Living in Oblivion (1995)
Following up his debut, Johnny Suede, director Tom DiCillo presented this filmmaking comedy that allegedly draws much from DiCillo's experiences on the set of the 1991 Brad Pitt vehicle. Steve Buscemi stars as Nick Reve, the long-suffering director of a no-budget independent film. If he's not dealing with his heartbroken director of photography Wolf (Dermot Mulroney), Reve is trying to keep his leading lady Nicole (DiCillo mainstay Catherine Keener) happy or ignore the pseudo-auteur suggestions of Pitt-inspired name-actor Chad Palomino (James LeGros). All the while, the audience can't ever be sure if the scene they're watching is a dream or reality. … More
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Critic Reviews for Living in Oblivion
A hip indie version of Truffaut's Day for Night, Living in Oblivion celebrates the very act of filmmaking as grand folly, a triumph of absurdist heroism.
A very funny picture that presents the world of independent film making as a nightmare of conflicting egos, budgetary squalor and incompetence.
"Oblivion" has a surrealistic, guilty-fun quality. It feels almost too good to be true.
So you wanna make a movie? Well, first, you should see "Living in Oblivion," Tom DiCillo's savagely funny satire of the world of independent filmmaking.
DiCillo effectively uses dream sequences and black-and-white film to spoof the pretentiousness of indie films, but remains thoughtful and clever throughout. And every performance is spot-on.
Probably the best and funniest of the mid-'90s crop of movies about making movies.
A valentine to the independent film world, DiCillo's version of Truffaut's Night for Day offers a smart, amusing look at the perils of low-budget filmmaking; the ensemble acting is superb.
Really clever little comedy about low-budget filmmaking with Buscemi at his best.
Sluggish, dumbly overpraised farce about an indie movie I would never see, but I still might pick over this one.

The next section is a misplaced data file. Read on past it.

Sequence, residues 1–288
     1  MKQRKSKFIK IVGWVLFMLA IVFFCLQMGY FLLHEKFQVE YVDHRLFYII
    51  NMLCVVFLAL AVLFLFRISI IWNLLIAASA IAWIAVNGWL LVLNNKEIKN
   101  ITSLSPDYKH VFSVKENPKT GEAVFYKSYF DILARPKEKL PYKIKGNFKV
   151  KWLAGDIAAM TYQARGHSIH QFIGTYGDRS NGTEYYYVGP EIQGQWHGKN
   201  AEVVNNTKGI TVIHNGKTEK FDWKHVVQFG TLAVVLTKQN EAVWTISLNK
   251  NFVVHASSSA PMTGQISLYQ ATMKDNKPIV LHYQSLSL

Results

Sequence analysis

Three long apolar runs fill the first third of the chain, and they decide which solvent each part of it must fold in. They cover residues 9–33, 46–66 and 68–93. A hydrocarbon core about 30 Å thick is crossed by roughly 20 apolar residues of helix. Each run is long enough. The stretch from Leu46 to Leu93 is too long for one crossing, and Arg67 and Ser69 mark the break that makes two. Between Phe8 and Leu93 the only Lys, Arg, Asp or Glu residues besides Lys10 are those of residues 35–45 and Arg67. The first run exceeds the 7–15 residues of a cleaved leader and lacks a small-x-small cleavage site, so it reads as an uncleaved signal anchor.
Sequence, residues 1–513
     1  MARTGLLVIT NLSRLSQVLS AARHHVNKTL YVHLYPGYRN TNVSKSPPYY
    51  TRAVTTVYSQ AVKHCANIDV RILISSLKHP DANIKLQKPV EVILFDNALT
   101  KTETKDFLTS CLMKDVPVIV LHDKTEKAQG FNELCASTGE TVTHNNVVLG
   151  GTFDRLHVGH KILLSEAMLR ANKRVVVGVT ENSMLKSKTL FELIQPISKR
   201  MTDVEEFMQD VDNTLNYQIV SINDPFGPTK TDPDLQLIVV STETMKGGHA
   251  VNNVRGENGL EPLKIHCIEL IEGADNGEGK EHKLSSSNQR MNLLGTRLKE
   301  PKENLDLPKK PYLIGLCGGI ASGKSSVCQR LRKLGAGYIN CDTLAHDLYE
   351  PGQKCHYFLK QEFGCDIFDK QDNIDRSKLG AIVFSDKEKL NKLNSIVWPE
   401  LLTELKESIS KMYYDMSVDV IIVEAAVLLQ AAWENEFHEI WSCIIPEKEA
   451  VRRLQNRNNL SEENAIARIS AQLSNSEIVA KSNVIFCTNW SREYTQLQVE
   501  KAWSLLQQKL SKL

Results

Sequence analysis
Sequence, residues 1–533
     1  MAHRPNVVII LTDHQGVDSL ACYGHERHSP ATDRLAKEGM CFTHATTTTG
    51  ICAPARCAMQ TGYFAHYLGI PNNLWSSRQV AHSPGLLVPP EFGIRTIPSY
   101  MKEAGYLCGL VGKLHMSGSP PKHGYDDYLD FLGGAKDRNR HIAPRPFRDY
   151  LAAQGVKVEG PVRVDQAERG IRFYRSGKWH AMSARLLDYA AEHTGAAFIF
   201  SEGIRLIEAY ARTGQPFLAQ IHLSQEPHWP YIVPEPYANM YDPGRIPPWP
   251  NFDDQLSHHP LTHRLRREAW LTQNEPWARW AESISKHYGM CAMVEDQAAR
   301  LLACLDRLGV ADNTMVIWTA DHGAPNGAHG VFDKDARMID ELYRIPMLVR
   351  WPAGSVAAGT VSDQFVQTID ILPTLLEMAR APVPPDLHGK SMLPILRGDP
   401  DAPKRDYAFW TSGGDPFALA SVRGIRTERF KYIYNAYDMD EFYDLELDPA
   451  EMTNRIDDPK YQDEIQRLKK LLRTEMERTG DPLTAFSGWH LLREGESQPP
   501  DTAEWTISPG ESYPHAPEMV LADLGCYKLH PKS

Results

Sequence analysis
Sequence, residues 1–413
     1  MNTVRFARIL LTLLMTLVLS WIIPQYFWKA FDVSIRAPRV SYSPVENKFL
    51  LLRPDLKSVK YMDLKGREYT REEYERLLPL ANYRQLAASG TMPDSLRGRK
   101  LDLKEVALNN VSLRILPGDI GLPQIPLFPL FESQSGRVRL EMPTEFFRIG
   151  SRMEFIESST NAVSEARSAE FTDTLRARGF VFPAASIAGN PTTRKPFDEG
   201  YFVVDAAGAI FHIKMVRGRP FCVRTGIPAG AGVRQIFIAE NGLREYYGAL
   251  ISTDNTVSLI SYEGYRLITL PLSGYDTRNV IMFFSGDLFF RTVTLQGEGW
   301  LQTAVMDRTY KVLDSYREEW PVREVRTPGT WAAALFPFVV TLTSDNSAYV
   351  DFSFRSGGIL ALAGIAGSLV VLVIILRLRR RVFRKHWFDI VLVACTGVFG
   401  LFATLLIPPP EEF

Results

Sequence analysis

Meaty and witty, the sort of product that rewards a closer examination even as it buggers intimacy.
Offers a wacky behind-the-scenes look at the challenges of making a low-budget independent movie.
The humor is uneven and the surrealism only partly effective, and the few attempts to make us take a personal interest in the characters fall flat; after all, they're only caricatures.
DeCillo keeps the film moving with the kind of frantic energy you find on a real film set, alternating between judicious use of black-and-white and garish color, all the while keeping both frazzled director Nick and the audience just a little off balance.
Engaging and bright, witty and smart, Living in Oblivion is a riotous romp through the world of moviemaking, with emphasis on the helplessness one feels on a low-budget set when things go wrong.
Audience Reviews for Living in Oblivion
Proof that Steve Buscemi needs to be a leading role in more movies. Gotta say, I wasn't taken in at first, but being too lazy to change the movie, it ended up being a pretty awesome film. Even from just directing movies for fun I understand how much it can drive you crazy and how nothing ever goes right.More
Living in Oblivion Quotes
- Have you ever had a dream with a dwarf in it? Do you know anyone who's had a dream with a dwarf in it? No! I don't even have dreams with dwarves in them. The only place I've seen dwarves in dreams is in stupid movies like this! 'Oh make it weird, put a dwarf in it!'. Everyone will go 'Woah, this must be a fuckin' dream, there's a fuckin' dwarf in it!'. Well I'm sick of it! You can take this dream sequence and stick it up your ass!
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